- Cyrus: Emptying SAI in the migration contract before global settlement and lowering the debt ceiling will also help. In case there are edge cases of keeping SAI alive in the migration pool by putting SAI back into it.
Full security overview
MCD Security Roadmap blog post
MakerDAO Bug Bounty
Governance Contracts and the Security Roadmap 46:22
- Almost all of the contracts have finished formal verification. Three independent audits. Trail of Bits report is on the blog, and you can see all the issues. Nothing critical or high severity. We’re working with Peckshield as well; they found one high severity issue, the details of which can be read in the report.
- “Runtime Verification” is building a high-level model of the business logic of the different contracts. Essentially, using formal verification methods to find mistakes in business logic, if there are any, making the verification more robust. That relates to the limitation of formal verification, which uses the local level, but it doesn’t consider other contract interactions. That’s why we’re using multiple audits. Local-level wasn’t found to have issues by either partner. But they did come up with some issues that are due to interaction between the contracts. With runtime verification, we hope to develop a formal verification methodology for contract interactions.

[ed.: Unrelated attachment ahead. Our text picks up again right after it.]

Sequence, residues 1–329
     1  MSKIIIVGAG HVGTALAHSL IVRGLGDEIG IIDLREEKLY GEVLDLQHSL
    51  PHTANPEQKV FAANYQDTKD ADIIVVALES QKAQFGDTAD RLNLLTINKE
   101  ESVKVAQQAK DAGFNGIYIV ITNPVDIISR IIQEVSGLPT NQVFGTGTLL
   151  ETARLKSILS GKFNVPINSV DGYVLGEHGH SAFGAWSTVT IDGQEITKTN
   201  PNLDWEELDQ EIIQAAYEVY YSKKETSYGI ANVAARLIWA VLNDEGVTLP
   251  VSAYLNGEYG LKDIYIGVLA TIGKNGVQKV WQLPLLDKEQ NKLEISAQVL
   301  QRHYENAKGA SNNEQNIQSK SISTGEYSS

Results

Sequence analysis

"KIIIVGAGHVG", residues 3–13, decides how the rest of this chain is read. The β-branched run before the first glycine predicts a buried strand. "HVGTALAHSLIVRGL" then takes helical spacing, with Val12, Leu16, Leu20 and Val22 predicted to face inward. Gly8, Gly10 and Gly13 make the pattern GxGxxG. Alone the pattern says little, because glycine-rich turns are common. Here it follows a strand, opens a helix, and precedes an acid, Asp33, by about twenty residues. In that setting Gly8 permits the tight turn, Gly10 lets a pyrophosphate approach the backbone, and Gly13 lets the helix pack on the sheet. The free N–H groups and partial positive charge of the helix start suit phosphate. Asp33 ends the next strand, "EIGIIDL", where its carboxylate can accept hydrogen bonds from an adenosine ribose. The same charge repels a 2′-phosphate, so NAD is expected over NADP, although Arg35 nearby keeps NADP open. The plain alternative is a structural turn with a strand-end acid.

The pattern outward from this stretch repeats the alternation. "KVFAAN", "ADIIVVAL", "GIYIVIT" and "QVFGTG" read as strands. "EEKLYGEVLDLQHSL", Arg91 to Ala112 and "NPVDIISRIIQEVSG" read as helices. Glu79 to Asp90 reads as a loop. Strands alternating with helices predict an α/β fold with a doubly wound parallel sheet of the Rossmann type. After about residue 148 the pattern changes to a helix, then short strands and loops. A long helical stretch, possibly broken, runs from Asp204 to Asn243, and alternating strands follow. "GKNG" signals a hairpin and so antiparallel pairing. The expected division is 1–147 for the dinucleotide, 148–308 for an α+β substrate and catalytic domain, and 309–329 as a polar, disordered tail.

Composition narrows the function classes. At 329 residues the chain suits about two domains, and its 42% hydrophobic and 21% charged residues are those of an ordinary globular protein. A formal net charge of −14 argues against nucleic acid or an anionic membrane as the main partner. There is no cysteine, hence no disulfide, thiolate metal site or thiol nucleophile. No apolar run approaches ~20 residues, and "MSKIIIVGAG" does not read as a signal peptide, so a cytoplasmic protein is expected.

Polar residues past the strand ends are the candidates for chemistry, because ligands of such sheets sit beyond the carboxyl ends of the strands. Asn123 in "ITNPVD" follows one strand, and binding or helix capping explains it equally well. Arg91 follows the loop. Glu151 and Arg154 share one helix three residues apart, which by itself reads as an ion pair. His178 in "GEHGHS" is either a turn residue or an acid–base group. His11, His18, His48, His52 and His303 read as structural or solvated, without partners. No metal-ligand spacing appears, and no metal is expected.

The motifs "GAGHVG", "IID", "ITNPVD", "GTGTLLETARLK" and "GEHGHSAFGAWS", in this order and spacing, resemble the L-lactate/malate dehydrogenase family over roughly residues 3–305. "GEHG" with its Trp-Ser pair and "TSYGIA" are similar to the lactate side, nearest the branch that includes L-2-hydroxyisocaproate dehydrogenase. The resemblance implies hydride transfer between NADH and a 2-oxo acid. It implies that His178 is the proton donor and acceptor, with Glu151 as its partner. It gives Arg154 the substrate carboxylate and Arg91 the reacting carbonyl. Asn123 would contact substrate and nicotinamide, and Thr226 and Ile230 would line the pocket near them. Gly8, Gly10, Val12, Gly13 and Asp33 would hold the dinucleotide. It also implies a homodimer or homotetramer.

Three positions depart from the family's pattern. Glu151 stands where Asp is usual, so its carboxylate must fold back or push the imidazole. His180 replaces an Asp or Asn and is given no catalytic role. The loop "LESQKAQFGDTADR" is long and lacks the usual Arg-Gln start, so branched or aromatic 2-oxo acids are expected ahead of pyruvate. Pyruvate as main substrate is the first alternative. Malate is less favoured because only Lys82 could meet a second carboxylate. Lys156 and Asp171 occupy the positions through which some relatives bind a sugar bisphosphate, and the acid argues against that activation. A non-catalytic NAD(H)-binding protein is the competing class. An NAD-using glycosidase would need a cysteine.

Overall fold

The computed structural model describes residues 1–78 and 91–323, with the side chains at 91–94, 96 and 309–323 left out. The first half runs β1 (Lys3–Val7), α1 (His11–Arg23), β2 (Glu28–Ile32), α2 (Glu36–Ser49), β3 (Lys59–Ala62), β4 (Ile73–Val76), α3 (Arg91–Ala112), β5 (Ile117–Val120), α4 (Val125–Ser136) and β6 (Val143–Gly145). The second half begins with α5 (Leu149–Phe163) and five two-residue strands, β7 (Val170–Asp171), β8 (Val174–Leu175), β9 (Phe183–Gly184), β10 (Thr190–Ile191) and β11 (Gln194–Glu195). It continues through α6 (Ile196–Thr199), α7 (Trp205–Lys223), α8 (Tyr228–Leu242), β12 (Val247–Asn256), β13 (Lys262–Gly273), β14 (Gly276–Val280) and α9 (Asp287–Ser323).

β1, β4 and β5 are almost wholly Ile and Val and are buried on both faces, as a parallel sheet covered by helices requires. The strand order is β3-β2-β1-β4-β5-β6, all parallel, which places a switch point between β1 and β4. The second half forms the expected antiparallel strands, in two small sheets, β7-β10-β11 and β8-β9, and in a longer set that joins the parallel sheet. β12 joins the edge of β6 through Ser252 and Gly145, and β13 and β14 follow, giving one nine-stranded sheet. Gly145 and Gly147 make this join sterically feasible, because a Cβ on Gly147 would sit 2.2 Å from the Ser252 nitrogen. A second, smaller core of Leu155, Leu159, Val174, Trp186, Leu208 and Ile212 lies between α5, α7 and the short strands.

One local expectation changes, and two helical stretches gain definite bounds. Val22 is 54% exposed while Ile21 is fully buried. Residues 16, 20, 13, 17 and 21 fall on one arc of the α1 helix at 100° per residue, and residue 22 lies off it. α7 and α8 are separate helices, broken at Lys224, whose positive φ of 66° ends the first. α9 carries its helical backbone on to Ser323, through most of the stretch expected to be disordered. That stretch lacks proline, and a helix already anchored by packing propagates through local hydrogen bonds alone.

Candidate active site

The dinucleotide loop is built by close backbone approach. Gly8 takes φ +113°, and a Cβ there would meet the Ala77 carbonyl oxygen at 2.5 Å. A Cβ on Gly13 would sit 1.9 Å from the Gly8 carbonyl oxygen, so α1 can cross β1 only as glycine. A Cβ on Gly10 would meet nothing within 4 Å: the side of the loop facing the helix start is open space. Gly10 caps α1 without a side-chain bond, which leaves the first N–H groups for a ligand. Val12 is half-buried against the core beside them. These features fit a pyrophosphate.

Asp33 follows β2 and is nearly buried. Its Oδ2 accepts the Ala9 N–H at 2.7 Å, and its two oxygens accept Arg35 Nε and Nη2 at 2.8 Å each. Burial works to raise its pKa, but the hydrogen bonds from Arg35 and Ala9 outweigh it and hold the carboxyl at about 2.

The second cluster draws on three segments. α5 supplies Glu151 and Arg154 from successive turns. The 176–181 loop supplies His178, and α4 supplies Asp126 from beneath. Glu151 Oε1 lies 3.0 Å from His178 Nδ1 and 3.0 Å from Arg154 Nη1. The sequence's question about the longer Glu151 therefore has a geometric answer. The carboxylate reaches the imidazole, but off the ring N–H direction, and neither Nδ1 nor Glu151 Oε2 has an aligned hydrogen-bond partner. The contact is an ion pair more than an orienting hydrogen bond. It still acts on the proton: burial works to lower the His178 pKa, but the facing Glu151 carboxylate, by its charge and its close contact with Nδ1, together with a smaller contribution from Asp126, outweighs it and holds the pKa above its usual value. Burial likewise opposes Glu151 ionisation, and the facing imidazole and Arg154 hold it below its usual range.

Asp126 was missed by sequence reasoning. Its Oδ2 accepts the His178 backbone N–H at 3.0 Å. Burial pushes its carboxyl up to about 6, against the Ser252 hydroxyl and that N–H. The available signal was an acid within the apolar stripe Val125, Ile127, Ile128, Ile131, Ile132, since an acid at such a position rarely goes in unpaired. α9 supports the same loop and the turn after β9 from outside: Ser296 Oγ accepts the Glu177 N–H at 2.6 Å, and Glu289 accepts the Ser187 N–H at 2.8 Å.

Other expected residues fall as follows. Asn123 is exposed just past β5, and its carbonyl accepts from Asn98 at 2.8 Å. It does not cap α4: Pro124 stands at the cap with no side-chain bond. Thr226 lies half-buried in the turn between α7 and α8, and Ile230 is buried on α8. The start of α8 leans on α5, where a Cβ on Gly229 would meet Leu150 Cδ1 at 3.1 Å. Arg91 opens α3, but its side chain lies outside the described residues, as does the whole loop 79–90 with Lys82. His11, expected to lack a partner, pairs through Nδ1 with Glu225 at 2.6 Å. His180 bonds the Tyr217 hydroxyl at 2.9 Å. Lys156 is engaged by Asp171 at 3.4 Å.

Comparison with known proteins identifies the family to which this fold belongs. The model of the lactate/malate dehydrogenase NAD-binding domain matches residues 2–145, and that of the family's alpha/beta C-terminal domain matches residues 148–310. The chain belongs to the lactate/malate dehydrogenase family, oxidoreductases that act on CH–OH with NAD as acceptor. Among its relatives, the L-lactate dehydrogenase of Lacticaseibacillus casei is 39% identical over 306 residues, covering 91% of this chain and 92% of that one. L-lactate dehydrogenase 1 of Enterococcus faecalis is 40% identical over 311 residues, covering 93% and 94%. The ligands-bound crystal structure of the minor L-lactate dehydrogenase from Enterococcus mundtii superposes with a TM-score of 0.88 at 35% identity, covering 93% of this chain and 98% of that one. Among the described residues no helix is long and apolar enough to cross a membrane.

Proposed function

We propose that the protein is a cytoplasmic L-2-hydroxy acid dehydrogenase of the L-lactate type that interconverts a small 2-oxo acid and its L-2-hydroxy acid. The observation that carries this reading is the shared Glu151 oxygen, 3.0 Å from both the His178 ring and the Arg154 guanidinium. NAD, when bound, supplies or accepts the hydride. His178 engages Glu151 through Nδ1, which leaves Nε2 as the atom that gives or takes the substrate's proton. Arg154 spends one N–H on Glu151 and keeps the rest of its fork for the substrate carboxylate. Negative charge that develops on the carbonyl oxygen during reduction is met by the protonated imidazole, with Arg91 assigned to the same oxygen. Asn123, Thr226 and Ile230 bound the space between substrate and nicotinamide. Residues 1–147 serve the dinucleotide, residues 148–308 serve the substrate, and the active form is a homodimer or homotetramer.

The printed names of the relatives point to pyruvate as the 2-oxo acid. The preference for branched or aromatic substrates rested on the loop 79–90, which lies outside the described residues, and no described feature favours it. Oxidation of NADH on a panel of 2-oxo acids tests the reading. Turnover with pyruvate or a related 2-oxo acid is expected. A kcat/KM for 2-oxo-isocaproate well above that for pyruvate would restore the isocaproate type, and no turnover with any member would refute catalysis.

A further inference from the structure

- Certora did a test run on our contracts, we didn’t pay them, but they found the same issues from our other audits. They even independently reported them, which was nice.
- Bug bounty started in July. Three high severity and one critical found by a skilled hacker. We paid a 9k bounty. It’s gone much better than expected. You can see disclosed bugs on HackerOne.
- Every three weeks, we have a partner integration call. Get them to look at MCD code and consider migration as soon as possible. We have a Kovan testnet for partners.
- Deployment correctness check improves every week.
- We are also refining threat monitoring.
- In looking at the issues, we found and the overlap of discovery across the different audits and programs, we had some interesting findings. The overlap gives us confidence that we did a good job of catching most of the bugs that are in the system. For example, the critical severity bug that we caught was caught by two independent audits and the bug bounty program.
- When MCD goes live, we will be monitoring the system to make sure all the state variables maintain their expected values. The slide above shows the information that we will be monitoring.